Cheaper, leaner civil service on the cards
Greece will shed some 150,000 jobs in the public sector, long seen as an unwieldy burden on the country’s finances, by 2015 as part of the medium-term fiscal plan presented in detail by Finance Minister Giorgos Papaconstantinou yesterday.
According to the government’s plans, the reduction in the number of state sector employees, along with other cuts, will lead to savings of 1.3 billion euros this year and almost 4 billion by 2015.
Papaconstantinou said that a law to be tabled soon would abolish public bodies that no longer serve a purpose. The government will also begin evaluating civil servants with the aim of firing those not deemed up to the job. There are also going to be adjustments to the salaries of public sector workers, who have already had their wages cut by more than 20 percent since last year.
A new wage structure, which will be applied across all departments, is to be passed into law this summer. The new law will also introduce performance-related pay and set salaries for the different positions in the public sector in line with the private sector. So a clerk in the civil service will earn the same wage as one in the private sector, for instance.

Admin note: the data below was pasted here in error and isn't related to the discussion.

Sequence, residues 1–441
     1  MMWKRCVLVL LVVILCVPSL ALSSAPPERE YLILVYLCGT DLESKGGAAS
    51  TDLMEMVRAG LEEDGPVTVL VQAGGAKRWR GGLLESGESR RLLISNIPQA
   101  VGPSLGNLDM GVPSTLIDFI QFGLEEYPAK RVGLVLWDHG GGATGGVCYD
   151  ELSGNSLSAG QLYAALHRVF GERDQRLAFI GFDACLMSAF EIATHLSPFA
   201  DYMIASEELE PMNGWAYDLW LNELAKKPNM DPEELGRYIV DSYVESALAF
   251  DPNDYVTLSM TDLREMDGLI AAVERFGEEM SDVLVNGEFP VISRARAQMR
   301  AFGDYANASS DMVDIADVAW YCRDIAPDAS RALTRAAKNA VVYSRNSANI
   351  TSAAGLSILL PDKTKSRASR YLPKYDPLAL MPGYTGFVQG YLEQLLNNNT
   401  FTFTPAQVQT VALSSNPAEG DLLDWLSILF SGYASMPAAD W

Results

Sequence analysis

Bureaucrats will also lose bonuses for those who are married although public servants with children will continue to receive additional pay. A 40-hour working week, rather than the current 37.5 hours, will also be introduced.
Crucially, the government also committed to only hiring one new public servant for every 10 that leave or retire as a way of reducing their numbers. However, this has already caused friction with Citizens’ Protection Minister Christos Papoutsis, who does not want the measure to apply to the police force or coast guard.